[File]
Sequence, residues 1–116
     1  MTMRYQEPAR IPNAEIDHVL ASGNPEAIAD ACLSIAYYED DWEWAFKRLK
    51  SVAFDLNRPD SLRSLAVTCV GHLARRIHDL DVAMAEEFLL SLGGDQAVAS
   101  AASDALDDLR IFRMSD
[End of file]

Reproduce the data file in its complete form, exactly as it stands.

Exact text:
Sequence, residues 1–116
     1  MTMRYQEPAR IPNAEIDHVL ASGNPEAIAD ACLSIAYYED DWEWAFKRLK
    51  SVAFDLNRPD SLRSLAVTCV GHLARRIHDL DVAMAEEFLL SLGGDQAVAS
   101  AASDALDDLR IFRMSD